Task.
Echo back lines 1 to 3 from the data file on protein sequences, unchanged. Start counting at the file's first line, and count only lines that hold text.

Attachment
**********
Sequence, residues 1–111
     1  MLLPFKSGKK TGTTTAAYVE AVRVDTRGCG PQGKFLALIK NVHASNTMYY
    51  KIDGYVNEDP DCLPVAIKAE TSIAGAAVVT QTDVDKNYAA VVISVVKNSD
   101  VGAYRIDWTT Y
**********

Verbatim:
Sequence, residues 1–111
     1  MLLPFKSGKK TGTTTAAYVE AVRVDTRGCG PQGKFLALIK NVHASNTMYY
    51  KIDGYVNEDP DCLPVAIKAE TSIAGAAVVT QTDVDKNYAA VVISVVKNSD